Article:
Writing Words Fantastical and Otherwise

Tag: asimov’s

Catching up with Van Pelt News

So here’s what’s happening lately:

  1. The May/June Asimov’s will be out soon with my story, “The Way Lost Cafe.”
  2. Daily Science Fiction published my latest with them, “NPC.”
  3. Analog Science Fiction bought “Party On” from me. It will appear sometime soon.
  4. I will be attending World Fantasy in New Orleans in November.

In the meantime, I continue my 200-word minimum a day writing streak that started in November of 1999. Right now I’m working on a near-future science fiction about a retiring high school English teacher directing her class through Hamlet for the last time.

ASF_MayJun2022_400x570

Asimov’s and Analog Readers’ Award Ballots for 2021

Analog Science Fiction and Asimov’s Science Fiction magazines do an annual readers’ choice awards. The ballots for stories appearing in 2021 from both are now available.

Science fiction and fantasy have a long and rich history of being responsive to fans, and, of course, the fans have been loud and enthusiastic. Taking part in voting for the awards is one way for you as a reader to be a part of the conversation.

Fortunately for me I had stories in both magazines last year: “The Bahnhoff Drive-in” appeared in Asimov’s and “I Have Loved the Stars too Fondly” in Analog. I’m very proud of those pieces.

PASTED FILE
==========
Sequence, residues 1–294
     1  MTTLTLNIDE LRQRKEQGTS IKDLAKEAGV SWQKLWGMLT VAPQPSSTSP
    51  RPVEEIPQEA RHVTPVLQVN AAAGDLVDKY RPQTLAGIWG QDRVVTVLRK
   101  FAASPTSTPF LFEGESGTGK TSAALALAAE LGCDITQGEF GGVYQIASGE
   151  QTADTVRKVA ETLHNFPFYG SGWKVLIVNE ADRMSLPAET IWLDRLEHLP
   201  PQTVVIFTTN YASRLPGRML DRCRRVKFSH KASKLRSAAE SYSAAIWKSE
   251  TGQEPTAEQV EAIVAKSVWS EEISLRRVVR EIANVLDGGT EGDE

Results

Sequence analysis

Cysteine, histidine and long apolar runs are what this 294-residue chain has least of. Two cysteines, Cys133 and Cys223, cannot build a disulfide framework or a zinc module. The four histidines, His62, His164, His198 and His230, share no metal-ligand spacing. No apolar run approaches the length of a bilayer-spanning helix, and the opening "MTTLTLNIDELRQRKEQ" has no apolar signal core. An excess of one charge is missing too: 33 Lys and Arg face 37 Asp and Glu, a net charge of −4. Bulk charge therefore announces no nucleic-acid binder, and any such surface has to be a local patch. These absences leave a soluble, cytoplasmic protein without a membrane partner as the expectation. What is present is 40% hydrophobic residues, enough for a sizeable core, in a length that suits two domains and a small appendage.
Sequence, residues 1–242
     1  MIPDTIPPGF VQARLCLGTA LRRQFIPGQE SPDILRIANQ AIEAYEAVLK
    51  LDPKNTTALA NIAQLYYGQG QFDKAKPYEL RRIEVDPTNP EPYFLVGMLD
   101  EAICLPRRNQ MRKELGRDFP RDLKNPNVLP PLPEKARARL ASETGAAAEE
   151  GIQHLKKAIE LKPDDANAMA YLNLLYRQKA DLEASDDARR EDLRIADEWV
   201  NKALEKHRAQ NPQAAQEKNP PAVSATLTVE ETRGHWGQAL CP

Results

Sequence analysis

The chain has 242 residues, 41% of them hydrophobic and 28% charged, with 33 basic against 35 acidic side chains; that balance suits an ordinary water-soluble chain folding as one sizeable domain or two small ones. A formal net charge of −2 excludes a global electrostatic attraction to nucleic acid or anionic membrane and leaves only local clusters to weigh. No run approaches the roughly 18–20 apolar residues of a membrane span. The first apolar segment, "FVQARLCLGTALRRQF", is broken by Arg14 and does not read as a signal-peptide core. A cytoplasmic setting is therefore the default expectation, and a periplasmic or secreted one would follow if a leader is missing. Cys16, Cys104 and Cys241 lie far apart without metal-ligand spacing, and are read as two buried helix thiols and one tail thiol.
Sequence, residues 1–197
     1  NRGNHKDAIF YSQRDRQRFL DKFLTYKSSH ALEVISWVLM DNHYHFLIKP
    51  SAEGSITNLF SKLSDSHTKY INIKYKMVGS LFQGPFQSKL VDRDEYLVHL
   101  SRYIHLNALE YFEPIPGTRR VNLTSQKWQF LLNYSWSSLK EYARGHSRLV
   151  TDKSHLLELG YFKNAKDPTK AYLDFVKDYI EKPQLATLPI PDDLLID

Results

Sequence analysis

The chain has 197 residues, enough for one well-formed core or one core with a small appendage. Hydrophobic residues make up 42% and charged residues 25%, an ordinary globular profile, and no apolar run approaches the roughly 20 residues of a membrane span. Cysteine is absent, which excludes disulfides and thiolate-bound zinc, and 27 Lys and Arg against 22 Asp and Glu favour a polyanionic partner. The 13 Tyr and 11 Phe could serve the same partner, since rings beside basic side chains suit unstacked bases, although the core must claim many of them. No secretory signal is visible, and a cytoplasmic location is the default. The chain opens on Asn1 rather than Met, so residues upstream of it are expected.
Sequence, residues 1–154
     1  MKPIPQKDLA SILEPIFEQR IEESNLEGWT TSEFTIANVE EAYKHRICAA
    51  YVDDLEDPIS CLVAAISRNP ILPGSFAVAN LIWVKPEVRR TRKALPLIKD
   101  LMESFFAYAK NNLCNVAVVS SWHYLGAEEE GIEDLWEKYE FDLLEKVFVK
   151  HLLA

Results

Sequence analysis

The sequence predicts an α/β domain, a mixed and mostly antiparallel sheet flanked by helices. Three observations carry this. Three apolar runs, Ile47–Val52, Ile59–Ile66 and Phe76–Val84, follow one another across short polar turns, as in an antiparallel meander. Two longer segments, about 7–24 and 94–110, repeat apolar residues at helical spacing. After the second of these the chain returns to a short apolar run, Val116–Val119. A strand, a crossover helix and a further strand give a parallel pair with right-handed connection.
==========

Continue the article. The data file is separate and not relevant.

You don’t have to be a subscriber to vote (although, why aren’t you?).

Analog Readers Award

Asimov’s Readers Award

Stuff That’s Happened Lately: Late 2020

It’s been a while since I’ve shared news here (I post more often on my Facebook page!).

I attended the virtual MileHiCon the third week in October. This was my first virtual con. I had a tough time getting into it. I love conventions, but the virtual version lost almost everything I like: meetings in the hallways, crowds, room parties, dealers’ room, art show, bar-con, etc. Still, it was better than no con at all, and I did meet up with friends virtually. Fortunately, they recorded many of the panels. Here are the ones I was on:

Creative Parenting

There’s Kissing in My SF

My Favorite Writing Tools

You can cruise through the complete list of recorded panels here.

I attended World Fantasy a week later, where I also did some panels.

For most of the fall I have been working on supporting the release of The Best of James Van Pelt, my huge short story collection. This has included doing interviews and essays. The first rumination on the collection appeared in “My Favorite Bit: James Van Pelt Talks about The Best of James Van Pelt,” which Mary Robinette Kowal hosted. The second one appeared on John Scalzi’s WHATEVER, The Big Idea: James Van Pelt.

Sadly, Covid wiped out this year’s Rain Forest Writers Retreat, which I’ve attended for the last eleven years (sob!). Hopefully the world will right itself by 2022 and conventions and public events will be a part of our regular schedule again.